Meanwhile… in Bulgaria
.. Over the years I’ve visited my fair share of abandoned buildings. They’ve always held a very strong attraction for me. Somehow, their silent decaying facades offer the perfect blank canvas for an introverted imagination like mine… literally allowing me to conjure up vivid images of the past in my present. Unfortunately, I fear that this may be the best opportunity I have to experience the reality of time travel in my life time, something that I’ve fantasised about incessantly since I was a small child.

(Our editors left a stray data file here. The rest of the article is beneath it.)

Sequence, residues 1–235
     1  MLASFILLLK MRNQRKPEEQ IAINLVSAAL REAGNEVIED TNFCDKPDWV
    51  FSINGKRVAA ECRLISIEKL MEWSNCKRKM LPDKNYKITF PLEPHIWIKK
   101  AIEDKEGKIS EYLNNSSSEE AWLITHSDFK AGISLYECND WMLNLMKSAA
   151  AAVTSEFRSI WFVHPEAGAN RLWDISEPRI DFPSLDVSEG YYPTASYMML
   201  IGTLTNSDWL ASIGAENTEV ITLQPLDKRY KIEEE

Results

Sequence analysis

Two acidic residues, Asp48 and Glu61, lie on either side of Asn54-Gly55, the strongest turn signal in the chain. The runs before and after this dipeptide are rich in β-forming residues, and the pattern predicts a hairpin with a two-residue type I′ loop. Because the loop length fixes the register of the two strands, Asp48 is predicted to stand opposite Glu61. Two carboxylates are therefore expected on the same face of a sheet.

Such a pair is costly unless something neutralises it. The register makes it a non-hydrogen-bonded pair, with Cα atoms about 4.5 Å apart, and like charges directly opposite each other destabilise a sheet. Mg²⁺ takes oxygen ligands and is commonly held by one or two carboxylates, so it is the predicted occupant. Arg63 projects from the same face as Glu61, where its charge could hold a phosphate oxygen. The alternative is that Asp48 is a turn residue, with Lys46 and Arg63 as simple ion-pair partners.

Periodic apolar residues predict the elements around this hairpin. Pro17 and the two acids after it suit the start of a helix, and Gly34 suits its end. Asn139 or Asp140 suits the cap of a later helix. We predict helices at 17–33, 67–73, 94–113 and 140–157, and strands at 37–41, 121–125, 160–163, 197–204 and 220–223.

It has to be said, that when I was younger there were a hell of a lot more interesting derelict buildings around. These days, in my country at least, it’s very unfashionable to let a significant building die gracefully. Aside from the money-making implications, we tend to feel that we are somehow disrespecting our heritage by allowing them to decay, and so, often we attempt to stop the march of time by tidying them up and imprisoning them behind a red rope, preserving them in a most awkward state of disrepair for future generations to line up and look at from a viewing platform. The ironic thing is that abandoned buildings feel alive to me. They are involved in a beautiful natural process that the act of preservation will, by its nature, halt and kill.